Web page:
Pi. How many digits can you recite from this never-ending circular sum?
Ashley Noesjirwan of Randwick Public School impressed the crowd at the Grand Final of the Number Crunchers Maths Competition by reciting pi to over 800 decimal places!
What is the Number Crunchers competition?
The Number Crunchers competition, held at Connells Point Public School is a yearly event established in 2008 by Mr Andrew Taylor, a former Sylvania High School Mathematics teacher.
The competition is open to year 6 students across Australia and tests a multitude of student skills such as memory in the Golden Pi category, and speedy logic in the Rubik’s cube category.
Running like a spelling bee, one student is left standing at the end to claim the title of Grand Champion and Prime Mathematician.
Read the Careers with STEM: Maths magazine for 2018 for more fun maths news, and to see where maths skills can take you.
Ashley managed to recite pi to 849 decimal places to be exact, which landed her 2nd overall in the entire Number Crunchers competition.
“It started out as a whole class activity,” says Ashley. “It really seemed to catch on and the class became competitive. We would have a weekly Pi competition at the end of our lesson and it got very close between me and another student, and practising against her really motivated me to keep going.”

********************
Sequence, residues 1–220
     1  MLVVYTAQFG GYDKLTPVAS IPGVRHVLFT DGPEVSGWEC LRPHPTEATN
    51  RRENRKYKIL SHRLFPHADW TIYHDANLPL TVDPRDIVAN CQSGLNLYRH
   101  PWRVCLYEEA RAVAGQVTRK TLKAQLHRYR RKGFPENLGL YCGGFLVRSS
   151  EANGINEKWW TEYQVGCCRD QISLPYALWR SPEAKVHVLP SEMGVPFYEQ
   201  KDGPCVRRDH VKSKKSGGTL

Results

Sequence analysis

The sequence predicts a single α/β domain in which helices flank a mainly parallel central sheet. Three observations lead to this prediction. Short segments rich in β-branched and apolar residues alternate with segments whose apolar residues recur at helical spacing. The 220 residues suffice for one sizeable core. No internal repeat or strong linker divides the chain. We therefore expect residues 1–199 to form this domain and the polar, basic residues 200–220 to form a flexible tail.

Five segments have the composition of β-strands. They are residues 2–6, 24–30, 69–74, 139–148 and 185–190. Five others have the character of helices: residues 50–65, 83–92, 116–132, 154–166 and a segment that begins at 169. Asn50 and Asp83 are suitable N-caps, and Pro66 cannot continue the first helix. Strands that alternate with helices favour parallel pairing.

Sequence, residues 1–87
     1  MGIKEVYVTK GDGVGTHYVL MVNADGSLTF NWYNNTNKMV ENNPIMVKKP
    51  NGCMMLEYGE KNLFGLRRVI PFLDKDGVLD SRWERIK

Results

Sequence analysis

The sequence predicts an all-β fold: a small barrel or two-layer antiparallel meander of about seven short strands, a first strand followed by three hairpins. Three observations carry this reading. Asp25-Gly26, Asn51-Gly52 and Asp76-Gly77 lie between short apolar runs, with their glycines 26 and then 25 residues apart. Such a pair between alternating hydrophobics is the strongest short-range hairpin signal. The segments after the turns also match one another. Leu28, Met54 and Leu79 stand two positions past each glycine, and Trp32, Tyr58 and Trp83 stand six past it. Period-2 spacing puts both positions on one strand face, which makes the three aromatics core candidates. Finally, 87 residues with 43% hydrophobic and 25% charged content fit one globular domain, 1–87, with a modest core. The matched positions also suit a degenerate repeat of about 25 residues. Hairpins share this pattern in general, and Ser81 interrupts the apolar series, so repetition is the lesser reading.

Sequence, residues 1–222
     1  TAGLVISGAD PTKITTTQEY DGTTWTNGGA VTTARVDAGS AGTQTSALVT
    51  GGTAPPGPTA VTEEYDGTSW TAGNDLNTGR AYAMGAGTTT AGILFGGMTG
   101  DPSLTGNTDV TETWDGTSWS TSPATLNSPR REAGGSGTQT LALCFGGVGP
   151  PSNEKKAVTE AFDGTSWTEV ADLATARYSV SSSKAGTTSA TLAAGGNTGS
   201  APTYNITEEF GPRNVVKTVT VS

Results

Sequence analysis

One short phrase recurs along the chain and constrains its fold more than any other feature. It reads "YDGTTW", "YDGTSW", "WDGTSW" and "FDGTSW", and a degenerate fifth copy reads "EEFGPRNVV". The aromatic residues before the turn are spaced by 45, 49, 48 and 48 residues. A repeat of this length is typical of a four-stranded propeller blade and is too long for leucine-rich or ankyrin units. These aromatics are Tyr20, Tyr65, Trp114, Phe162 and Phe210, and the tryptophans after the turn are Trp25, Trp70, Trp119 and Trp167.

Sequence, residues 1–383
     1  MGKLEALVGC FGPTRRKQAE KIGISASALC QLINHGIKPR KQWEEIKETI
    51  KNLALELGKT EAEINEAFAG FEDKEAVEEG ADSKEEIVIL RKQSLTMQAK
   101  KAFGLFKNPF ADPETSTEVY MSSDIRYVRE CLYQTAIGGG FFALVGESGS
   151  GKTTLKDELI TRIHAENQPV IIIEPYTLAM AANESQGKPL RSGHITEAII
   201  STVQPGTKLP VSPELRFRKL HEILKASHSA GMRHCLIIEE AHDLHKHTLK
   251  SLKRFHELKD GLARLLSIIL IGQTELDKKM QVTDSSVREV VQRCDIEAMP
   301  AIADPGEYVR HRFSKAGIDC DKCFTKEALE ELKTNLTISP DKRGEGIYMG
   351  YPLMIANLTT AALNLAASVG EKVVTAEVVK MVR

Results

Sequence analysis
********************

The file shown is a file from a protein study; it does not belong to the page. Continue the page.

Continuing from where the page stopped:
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But… how did she manage to remember 849 digits?
“Every week I looked at another one hundred digits and worked out patterns. I memorised by looking for patterns and repetitions, looking for parts that were similar and different.”
The competition has showed Ashley that setting goals can be super rewarding, if you’re willing to put in the hard work it takes to achieve them.
Now, she’s looking forward to the future and definitely sees more maths in high school and her career future.
“I am looking forward to maths at High School and want to take on more difficult work.”
Plus, her maths skills are now coming in handy in surprising ways.
“I just started learning how to sew. My knowledge of shapes and measurement will come in handy as I learn!”
Author: Eliza Brockwell
Eliza is passionate about creating content that encourages diversity of representation in STEM.